In-situ observations of devolatilisation of coal

Vladimir Strezov*, John A. Lucas, Steve R. Osborn, Les Strezov

*Corresponding author for this work

Research output: Contribution to journalArticlepeer-review


Coal devolatilisation phenomena were observed in-situ during heating. A single particle of coal of approximately 1 mm diameter was placed on a stainless steel strip heated by an alternative current source. The behaviour of the coal particle was recorded at 100 times magnification through an arrangement of a long focal distance microscope attached to a CCD camera. The two different coal types examined (thermal and coking coal) exhibited significant differences during heating. At about 460°C, during the plastic stage, the coking coal showed rapid swelling and formation of bubbles within the liquid. Unlike the coking coal, the thermal coal showed very little swelling, although devolatilisation (predominantly tars for both coals) was taking place. The volatiles were diffusing to the surface of the particle through the pores in the char, without any significant swelling. At temperatures above 600°C, significant shrinking was observed with the coking coal, while in both samples, evolution of hydrogen was monitored. These observations were compared to the measured specific heats for these coals. The specific heats showed significant differences between the samples associated with a very complex behaviour following the onset of softening. While the coking coal exhibited predominantly exothermic reactions coinciding with the observed swelling phenomena, the thermal coal showed a sequence of endothermic and exothermic reactions. The changes in the specific heats also correlated well with the observed evolution of hydrogen (and shrinking for the coking coal) at higher temperatures.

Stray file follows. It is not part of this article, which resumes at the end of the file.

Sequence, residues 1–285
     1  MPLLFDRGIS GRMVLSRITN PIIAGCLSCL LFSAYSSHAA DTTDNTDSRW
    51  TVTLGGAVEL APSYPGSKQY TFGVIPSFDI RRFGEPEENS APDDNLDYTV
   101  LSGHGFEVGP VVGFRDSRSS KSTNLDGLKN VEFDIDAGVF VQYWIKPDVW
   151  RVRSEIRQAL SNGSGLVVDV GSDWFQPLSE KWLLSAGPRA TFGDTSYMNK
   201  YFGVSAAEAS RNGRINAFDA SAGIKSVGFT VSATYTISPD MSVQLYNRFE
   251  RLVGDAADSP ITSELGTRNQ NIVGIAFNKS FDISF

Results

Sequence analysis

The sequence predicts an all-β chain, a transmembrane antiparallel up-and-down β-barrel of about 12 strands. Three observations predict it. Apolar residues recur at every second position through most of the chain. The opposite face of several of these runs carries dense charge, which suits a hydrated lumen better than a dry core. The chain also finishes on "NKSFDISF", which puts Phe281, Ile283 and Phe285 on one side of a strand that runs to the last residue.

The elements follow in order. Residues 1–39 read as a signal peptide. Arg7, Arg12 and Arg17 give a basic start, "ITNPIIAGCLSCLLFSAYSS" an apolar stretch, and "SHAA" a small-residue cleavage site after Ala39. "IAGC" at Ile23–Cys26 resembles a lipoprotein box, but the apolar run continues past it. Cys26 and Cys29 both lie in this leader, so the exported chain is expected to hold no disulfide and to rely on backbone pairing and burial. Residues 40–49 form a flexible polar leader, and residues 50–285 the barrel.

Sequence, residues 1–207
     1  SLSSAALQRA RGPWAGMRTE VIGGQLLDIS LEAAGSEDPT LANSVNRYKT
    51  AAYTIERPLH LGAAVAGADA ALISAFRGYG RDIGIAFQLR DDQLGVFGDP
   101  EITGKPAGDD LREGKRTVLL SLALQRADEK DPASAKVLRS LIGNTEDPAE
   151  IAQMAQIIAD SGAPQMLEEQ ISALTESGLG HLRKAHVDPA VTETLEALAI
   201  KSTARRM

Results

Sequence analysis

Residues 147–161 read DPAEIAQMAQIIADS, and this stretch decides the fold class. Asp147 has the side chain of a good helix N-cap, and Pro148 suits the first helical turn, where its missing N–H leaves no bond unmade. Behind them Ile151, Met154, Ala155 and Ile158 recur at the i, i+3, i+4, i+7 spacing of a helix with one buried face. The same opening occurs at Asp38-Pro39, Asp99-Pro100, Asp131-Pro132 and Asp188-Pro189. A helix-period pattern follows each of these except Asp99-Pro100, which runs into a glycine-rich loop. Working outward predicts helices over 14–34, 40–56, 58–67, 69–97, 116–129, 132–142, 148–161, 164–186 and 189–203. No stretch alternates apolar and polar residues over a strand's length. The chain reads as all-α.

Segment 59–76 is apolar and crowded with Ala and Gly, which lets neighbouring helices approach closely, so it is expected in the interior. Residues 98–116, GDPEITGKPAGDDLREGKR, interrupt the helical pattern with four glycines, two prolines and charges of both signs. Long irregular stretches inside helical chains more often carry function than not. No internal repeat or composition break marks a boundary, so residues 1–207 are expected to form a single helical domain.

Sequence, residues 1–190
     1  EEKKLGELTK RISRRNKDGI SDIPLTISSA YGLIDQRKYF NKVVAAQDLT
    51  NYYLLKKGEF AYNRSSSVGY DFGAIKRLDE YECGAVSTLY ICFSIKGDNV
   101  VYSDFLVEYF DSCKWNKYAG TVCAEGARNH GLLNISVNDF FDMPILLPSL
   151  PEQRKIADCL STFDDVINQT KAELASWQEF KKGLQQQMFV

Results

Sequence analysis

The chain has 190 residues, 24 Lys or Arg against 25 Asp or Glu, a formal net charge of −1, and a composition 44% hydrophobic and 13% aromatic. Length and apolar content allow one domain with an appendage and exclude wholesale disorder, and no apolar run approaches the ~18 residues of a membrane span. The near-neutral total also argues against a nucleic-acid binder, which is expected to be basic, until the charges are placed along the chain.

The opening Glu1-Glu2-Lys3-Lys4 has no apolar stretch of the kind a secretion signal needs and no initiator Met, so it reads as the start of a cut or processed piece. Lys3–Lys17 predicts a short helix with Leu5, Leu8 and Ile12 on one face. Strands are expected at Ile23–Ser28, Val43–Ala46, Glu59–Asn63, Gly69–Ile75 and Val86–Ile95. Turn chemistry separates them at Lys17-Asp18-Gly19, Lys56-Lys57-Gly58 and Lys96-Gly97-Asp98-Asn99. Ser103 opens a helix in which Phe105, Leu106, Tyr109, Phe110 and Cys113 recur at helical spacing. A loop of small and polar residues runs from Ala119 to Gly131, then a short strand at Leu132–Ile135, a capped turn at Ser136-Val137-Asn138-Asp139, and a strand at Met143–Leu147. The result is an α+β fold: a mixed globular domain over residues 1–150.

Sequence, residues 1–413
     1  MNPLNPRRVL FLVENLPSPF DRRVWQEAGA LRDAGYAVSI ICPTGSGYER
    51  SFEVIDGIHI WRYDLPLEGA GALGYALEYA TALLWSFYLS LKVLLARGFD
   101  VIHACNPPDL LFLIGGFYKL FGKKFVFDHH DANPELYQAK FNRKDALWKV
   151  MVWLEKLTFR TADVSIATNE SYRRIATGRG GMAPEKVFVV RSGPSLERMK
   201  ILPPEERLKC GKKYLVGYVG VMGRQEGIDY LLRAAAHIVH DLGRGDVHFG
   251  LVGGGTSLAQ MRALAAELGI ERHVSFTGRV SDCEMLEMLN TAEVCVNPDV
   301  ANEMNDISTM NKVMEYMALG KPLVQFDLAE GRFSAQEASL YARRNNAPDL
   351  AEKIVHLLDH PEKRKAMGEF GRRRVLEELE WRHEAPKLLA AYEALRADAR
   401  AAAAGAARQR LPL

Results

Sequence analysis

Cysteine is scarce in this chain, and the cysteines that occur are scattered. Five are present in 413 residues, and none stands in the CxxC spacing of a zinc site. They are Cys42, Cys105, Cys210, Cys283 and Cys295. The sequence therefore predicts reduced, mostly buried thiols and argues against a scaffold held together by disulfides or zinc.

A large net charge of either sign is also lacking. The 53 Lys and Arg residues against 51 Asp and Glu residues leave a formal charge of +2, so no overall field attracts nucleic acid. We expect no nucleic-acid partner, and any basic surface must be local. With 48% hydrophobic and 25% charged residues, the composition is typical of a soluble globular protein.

Original languageEnglish
Pages (from-to)253-258
Number of pages6
JournalPolish Geological Institute Special Papers
Publication statusPublished - 2002
Externally publishedYes


  • Coal
  • Devolatilisation
  • Reactions
  • Specific heat
  • Swelling
  • Tars


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